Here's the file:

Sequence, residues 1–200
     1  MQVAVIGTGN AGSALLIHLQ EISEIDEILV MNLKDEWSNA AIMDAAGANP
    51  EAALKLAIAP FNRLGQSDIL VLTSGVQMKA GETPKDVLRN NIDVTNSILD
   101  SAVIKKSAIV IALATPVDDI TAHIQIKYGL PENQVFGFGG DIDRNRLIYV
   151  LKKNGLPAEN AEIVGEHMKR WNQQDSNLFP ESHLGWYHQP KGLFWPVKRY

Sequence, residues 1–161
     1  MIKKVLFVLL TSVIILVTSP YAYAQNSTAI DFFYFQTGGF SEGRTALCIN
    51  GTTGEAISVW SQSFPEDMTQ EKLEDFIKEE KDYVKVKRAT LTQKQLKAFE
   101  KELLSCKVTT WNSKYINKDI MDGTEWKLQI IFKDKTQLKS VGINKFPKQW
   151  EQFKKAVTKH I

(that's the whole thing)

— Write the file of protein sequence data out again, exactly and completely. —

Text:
Sequence, residues 1–200
     1  MQVAVIGTGN AGSALLIHLQ EISEIDEILV MNLKDEWSNA AIMDAAGANP
    51  EAALKLAIAP FNRLGQSDIL VLTSGVQMKA GETPKDVLRN NIDVTNSILD
   101  SAVIKKSAIV IALATPVDDI TAHIQIKYGL PENQVFGFGG DIDRNRLIYV
   151  LKKNGLPAEN AEIVGEHMKR WNQQDSNLFP ESHLGWYHQP KGLFWPVKRY

Sequence, residues 1–161
     1  MIKKVLFVLL TSVIILVTSP YAYAQNSTAI DFFYFQTGGF SEGRTALCIN
    51  GTTGEAISVW SQSFPEDMTQ EKLEDFIKEE KDYVKVKRAT LTQKQLKAFE
   101  KELLSCKVTT WNSKYINKDI MDGTEWKLQI IFKDKTQLKS VGINKFPKQW
   151  EQFKKAVTKH I